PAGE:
So, you’ve prototyped your circuit, you’ve designed your board, and you want to bring it to market. What’s next? Well, aside from choosing a high quality manufacturer to fabricate your PCB, you’ll also need to select a vendor to professionally assemble the required components to the board. While choosing the right assembly house may seem daunting, we’ll share a few tips to make sure your next project goes smoothly.
Communicate! Early and Often
You’re the engineer. You’re the designer. You’ve put your blood, sweat, and effort into every detail. Why would you leave someone else to assume what you want? Open a line of communication with an account or program manager to make sure your project is built exactly how you’d like it. Plus, the assembler probably has resources you haven’t thought about. Since these talented engineers and designers are experienced working with assembly projects like yours, they can provide invaluable feedback on your project such as:
- Advice on effective board design.
- Suggesting alternative components (to solve availability issues) or manufacturing methods.
- Informing on current trends across the industry to keep your product on the cutting edge.
To Offshore or Not Offshore? Consider the Big Picture!
While it is easy to be enamored by the low prices of international manufacturing there are some major considerations to keep in mind that may result in higher total costs in the long term.
- Substandard or imitation parts. A manufacturer may be tempted to cut corners and costs by using parts that are not up to the standard you specified, or, American industry standards. Or your manufacturer may unwittingly receive counterfeit parts despite their best efforts to purchase from reliable sources. Poor work could lead to board malfunctions or failures later, making your “cheaper” boards costly to replace.
- International suppliers are often overbooked and deal with hundreds of projects all at once. This can lead to endless delays when a different project has higher priority or goes wrong.
- Delivery from Asian manufacturers often takes three to five business days when considering freight and customs. This makes it difficult to reliably order last minute rush units when inventory is low.
We’ve all been there: there’s one part that would be perfect for your product. There’s just one problem: you can only get it from one source that is constantly out of stock. Unfortunately, components such as these make it difficult to properly source your project and can potentially set your timeline back for months. For this reason, you should avoid these components at all cost and build in widely available parts that are available from several sources with large, stable stock quantities or reasonable substitutes.
In the prototyping phase it is easy to overlook silkscreen markings. You have the board layout open in your EDA tool and you’re likely hand soldering. On the flip side, your assembly house relies on these small letters and numbers to identify which part goes where. If a polarity or pin 1 marking is missing the assembler will have to hold the job to clarify component orientations with you. Incorrect markings can often lead to the wrong part being placed, consequently destroying entire production runs.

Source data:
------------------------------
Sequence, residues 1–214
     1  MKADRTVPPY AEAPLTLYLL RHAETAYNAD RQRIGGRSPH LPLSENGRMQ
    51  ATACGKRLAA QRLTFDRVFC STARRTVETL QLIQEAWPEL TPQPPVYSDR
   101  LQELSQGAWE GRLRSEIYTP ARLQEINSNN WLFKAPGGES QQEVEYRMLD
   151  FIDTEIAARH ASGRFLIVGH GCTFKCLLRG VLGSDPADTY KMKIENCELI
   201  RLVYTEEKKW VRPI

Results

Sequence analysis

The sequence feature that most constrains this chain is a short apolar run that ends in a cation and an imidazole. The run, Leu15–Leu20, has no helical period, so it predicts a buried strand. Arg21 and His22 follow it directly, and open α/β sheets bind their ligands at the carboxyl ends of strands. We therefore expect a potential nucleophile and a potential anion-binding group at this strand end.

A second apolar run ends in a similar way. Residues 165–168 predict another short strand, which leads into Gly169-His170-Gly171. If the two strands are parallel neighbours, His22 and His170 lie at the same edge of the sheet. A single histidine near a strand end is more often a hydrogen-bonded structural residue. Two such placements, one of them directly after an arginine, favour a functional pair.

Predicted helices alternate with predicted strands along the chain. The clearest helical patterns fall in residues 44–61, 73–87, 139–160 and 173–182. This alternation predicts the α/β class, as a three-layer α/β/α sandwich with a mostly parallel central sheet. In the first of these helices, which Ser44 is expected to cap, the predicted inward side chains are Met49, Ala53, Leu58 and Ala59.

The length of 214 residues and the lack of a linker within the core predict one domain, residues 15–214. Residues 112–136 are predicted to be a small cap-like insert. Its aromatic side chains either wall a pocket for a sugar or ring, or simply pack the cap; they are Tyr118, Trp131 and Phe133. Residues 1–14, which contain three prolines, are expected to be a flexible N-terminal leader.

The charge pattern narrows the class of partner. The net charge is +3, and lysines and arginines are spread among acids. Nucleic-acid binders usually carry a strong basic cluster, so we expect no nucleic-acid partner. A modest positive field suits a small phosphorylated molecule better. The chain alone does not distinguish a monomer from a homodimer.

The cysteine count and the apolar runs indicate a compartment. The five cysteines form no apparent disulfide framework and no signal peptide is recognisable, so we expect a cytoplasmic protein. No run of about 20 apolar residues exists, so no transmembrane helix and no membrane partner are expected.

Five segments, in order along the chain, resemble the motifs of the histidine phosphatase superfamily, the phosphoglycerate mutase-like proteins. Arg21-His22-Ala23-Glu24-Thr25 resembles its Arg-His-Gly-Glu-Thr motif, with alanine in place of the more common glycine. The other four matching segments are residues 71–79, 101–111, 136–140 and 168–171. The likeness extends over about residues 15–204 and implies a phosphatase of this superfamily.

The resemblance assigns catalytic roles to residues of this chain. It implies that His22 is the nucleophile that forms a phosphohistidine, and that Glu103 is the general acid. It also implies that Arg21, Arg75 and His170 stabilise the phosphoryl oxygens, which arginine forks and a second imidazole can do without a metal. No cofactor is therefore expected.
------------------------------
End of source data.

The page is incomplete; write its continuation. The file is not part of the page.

Complete and Understandable Bill of Materials (BOM)
A clear, concise bill of materials is equally as important as silkscreen markings. Your assembly house will be using this crucial document to purchase all the components necessary to build your project and will match the reference designators to the silkscreen. It is important to ensure your BOM is a spreadsheet listing each “line item”, the reference designators related to that line, and a brief description. Assembly houses also prefer BOMs with at least one supplier link to each part.
Consider Lead Time
By now, you are probably deeply aware of the time necessary to develop and test your prototype. However, when transitioning your project into production your build time may balloon exponentially. Some parts may not be easy to source in the necessary quantity, boards may be difficult to build, initial setup may take time. To be sure your product makes it to market quickly, be sure to ask your assembly house for guidance on how to reduce lead times. It may be as simple as allowing component substitutes or paying a small expedite fee.
Proper File Formats
Make sure the manufacturer you choose is experienced in working with the file formats you submit.
- Board Files: Most large suppliers are used to working with the industry-standard file format RS-274X (commonly known as “Gerber”), although most now also accept ODB++ files. In addition, if there are surface mount components, then the assembly house will need “XY data” (also called “pick and place data”). The XY data is a list of the centroids of each component so that the assembler can program their pick and place machine.
- BOM Files: Most in the industry have standardized around either MS Excel (.xlsl), CSV, or PDF. While most suppliers are capable of reading any of these formats it is important for your BOM to be formatted as a spreadsheet with proper line formatting.
It’s both exciting and stressful to finally see your project exit the design phase and head into production. While not an exhaustive list, these are just a few of the tips we’ve learned over the years from working with assembly houses across the industry, and we hope that it helps make your transition a little easier. To learn more check out 10 Tips to Ensure PCB Assembly Success.
As always, we at Bay Area Circuits stand ready to assist you in all stages of the process.